Conveying the grandeur of the Aurora Borealis is a serious challenge for a photographer. How are you supposed to capture the splendor of the event, give it a sense of scale, and somehow imbue that photograph with the emotion involved in actually witnessing the polar spirits for yourself?
There probably isn’t a magical mixture of ingredients that will yield the ideal northern lights photograph, but the image above by photographer Max Rive is one of the closest we’ve seen, and he was kind enough to share the details behind it with us.
The photo, which is made up of 3 exposures, was captured in March above Austnesfjorden close to Svolvear on the Lofoten islands, Norway. On a snowboarding trip to the region, Rive set aside an extra week for photography and spent the weeks prior finding locations using online-hiking maps, Google Earth and Google Images.
Funny enough, this particular peak wasn’t even on his list. “On this day we thought we were heading to the summit of Matmora, which was on my list,” he explains, “but went to a false peak of the neighboring summit (Durmalstinden, 828m) instead, which wasn’t on my list.”
Returning that night to the same location, he had his friend Philippe Bouillard climb up to the top of the peak, giving him a very simple set of instructions: when you see the Northern Lights, put your arms up.
In the meantime, Rive himself set about composing the perfect image. He explains his process below:
What I really like about this spot are the pointy rocks in the foreground which lead my eye directly towards the peak. You can also follow the foreground all the way to the mountain peak. I took some test shots during daytime and it was quite a task to get the exact same composition again, especially because I was very close to the nearest rock.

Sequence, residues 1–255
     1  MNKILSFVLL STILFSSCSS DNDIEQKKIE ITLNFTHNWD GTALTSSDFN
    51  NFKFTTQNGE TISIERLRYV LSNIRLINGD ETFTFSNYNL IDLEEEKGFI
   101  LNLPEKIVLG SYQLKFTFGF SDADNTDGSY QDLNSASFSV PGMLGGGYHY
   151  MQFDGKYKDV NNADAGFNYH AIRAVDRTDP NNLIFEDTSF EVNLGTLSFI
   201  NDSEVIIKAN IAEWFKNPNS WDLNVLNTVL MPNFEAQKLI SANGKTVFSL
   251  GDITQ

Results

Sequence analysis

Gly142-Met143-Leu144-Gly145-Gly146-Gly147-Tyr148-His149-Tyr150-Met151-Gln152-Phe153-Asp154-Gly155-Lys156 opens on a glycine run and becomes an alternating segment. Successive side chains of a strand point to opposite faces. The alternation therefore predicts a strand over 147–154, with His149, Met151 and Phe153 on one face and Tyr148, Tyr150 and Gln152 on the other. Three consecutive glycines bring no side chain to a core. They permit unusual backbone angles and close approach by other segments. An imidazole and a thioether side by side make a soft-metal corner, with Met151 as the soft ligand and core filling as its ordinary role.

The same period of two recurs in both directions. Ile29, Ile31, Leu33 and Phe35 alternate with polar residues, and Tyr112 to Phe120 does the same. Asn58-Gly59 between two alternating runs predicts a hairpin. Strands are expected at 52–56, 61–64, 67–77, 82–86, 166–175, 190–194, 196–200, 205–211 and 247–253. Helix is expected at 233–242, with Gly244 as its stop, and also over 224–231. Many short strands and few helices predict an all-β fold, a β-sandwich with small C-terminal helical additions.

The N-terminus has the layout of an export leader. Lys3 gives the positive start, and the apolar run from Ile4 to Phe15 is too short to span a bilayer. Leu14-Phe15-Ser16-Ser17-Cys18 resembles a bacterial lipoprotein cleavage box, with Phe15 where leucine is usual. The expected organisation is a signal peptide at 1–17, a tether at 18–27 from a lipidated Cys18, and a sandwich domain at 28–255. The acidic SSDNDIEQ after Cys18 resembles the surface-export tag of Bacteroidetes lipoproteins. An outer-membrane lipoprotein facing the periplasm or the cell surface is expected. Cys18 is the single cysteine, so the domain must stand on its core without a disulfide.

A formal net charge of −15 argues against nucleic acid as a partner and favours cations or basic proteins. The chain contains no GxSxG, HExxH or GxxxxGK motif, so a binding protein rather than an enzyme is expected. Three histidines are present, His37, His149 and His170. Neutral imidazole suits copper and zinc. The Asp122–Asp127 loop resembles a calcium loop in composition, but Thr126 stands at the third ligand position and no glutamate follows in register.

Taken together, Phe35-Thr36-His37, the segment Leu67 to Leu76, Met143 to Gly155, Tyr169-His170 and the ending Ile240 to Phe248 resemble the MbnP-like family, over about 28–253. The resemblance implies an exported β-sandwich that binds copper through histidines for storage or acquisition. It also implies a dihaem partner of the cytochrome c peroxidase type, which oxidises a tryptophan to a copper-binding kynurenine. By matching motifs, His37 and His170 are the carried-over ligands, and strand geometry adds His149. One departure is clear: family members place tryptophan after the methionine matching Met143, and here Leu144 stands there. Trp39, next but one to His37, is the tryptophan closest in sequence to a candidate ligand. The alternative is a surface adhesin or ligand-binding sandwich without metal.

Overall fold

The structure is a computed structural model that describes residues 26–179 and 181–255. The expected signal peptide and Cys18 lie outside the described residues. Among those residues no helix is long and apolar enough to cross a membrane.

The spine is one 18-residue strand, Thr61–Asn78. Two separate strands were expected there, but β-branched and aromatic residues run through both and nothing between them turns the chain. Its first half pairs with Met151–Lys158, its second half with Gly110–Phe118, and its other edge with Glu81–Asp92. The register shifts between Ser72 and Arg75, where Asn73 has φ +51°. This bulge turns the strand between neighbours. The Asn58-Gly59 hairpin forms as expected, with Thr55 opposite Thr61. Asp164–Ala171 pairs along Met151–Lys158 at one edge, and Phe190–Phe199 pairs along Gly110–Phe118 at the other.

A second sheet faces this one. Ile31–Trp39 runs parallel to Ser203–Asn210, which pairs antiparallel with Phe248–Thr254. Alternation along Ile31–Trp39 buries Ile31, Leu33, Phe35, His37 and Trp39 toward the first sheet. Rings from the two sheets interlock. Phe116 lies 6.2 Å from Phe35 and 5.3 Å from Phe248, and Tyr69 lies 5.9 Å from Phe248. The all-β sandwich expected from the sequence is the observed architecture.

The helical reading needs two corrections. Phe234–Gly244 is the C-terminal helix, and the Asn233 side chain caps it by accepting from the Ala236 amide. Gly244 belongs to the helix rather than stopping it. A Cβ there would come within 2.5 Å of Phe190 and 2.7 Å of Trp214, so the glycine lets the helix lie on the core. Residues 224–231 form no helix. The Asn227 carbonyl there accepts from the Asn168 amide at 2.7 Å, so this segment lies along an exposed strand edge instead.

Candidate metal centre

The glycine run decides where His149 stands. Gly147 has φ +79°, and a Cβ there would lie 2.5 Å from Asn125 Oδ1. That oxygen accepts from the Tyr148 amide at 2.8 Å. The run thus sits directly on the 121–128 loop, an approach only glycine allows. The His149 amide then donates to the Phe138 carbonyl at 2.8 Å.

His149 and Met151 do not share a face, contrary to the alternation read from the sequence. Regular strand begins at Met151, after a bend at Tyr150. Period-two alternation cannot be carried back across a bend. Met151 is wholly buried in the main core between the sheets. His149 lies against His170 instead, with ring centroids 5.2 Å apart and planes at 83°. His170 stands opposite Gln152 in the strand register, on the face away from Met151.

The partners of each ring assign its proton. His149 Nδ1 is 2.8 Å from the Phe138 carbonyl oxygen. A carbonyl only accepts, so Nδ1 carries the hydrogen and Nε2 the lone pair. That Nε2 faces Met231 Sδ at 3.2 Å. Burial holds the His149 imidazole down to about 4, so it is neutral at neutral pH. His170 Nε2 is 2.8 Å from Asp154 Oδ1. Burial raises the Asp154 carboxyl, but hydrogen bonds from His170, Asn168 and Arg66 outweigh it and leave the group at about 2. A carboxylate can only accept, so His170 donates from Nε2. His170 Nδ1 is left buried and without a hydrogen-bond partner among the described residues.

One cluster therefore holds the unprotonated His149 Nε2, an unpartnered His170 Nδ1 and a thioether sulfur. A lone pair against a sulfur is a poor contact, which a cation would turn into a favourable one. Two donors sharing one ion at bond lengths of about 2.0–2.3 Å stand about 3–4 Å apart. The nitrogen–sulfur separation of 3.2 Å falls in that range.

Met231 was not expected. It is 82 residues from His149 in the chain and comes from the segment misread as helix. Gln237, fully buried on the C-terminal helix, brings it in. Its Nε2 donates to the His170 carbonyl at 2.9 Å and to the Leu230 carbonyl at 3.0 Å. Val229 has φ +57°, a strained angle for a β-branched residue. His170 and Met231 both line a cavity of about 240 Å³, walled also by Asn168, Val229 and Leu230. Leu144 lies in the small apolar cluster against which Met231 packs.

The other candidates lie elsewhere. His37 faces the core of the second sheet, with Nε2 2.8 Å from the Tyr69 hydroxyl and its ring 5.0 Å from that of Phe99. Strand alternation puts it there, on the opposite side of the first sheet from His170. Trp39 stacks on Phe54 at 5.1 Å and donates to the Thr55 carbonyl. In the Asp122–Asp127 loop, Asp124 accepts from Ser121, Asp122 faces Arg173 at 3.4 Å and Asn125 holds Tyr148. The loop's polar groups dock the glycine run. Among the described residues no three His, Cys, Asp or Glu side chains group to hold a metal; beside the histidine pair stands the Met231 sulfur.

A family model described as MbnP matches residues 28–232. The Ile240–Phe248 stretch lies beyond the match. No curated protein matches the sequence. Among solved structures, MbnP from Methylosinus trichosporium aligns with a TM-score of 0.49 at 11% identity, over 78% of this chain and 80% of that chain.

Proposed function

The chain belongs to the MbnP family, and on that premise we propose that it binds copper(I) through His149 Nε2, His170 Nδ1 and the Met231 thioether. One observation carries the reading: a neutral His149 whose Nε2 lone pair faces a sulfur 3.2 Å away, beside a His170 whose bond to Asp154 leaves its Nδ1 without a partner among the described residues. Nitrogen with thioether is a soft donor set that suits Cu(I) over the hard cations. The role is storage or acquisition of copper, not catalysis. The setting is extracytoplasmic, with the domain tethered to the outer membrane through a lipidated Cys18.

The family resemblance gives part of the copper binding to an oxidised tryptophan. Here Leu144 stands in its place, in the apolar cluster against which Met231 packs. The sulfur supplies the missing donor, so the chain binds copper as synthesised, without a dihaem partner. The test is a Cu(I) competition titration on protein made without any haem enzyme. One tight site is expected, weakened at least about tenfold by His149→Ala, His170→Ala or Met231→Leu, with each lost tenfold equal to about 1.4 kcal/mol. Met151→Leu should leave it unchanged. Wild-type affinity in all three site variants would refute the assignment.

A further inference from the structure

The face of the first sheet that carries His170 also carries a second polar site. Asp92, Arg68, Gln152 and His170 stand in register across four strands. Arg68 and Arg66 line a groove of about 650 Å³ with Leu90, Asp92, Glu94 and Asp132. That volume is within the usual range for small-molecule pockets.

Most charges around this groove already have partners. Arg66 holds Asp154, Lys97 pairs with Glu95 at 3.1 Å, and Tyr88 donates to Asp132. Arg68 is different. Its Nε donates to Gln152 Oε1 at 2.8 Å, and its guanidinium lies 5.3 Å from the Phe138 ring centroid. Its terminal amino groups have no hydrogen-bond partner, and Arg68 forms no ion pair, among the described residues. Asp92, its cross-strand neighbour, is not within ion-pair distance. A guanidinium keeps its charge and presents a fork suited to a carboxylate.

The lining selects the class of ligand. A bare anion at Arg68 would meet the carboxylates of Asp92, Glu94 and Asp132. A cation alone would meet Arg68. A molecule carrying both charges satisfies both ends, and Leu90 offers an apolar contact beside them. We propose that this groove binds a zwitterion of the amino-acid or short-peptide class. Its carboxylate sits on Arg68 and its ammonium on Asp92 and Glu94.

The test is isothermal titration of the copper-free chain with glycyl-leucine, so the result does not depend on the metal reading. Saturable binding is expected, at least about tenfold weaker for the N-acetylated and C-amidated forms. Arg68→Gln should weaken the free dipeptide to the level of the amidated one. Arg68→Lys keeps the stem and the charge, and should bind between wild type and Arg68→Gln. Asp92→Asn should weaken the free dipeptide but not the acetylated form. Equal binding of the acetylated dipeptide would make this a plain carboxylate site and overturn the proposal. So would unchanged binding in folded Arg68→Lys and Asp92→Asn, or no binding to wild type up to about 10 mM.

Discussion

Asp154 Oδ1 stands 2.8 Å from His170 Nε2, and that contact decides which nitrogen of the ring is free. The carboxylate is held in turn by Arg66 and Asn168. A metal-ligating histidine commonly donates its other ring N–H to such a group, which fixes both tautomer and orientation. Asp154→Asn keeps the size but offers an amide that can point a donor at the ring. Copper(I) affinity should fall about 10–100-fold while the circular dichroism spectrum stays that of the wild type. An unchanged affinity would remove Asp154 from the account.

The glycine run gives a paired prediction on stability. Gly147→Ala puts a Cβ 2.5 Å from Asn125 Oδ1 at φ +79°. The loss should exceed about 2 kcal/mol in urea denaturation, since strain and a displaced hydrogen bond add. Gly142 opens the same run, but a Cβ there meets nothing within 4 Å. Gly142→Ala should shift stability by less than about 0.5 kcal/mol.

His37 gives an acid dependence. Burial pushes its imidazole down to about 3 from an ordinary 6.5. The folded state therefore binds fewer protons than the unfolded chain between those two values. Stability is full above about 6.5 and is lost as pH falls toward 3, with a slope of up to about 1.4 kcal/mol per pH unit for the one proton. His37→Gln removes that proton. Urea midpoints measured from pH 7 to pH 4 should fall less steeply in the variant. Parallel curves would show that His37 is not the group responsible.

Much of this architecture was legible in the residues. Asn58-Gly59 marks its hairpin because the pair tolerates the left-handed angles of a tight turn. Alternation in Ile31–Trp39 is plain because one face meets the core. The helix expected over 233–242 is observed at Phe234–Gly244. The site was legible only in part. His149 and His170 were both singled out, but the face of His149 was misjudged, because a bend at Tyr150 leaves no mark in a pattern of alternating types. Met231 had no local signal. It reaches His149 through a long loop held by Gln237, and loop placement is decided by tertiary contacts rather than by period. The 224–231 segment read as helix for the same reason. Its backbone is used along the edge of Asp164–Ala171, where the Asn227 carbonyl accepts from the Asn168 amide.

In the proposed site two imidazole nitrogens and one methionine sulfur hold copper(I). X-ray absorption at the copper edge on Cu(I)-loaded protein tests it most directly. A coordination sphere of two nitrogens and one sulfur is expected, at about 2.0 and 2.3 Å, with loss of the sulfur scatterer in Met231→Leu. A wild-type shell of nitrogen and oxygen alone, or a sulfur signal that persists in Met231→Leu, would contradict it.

I also found the shape of the mountain very spectacular, which looks a bit like the Matterhorn. The peak is only 20 meters higher than the camera but it is so small and steep you have a view on both sides which is very unique and hard to find.
The light pollution from the city of Svolvear on the right does give some balance to the lights of the houses and streets in the valley on the left. In the beginning I was not sure whether I should put the peak in the middle or put it a bit more on the right side. I choose for the last option because I wanted to put some attention on the left side which looks more interesting than the right part. The non-symmetrical shape of the mountain did allow this.
In the end, it took three nights to get the final shot. The first two were too cloudy, so they sat atop the mountains and ‘danced’ to make sure they didn’t freeze while they waited for the perfect conditions. On night three, mother nature delivered.
The lights were active the entire time, allowing Rive to adjust the exposure as needed each time they got really bright and spectacular.
Here’s one last look at the final shot:
To see more of Rive’s photography, or if you’d like to follow along as he captures more images, head over to his Facebook page by clicking here. You can also follow him on Flickr and 500px if either of those are your cup of tea.
Image credits: Photographs by Max Rive and used with permission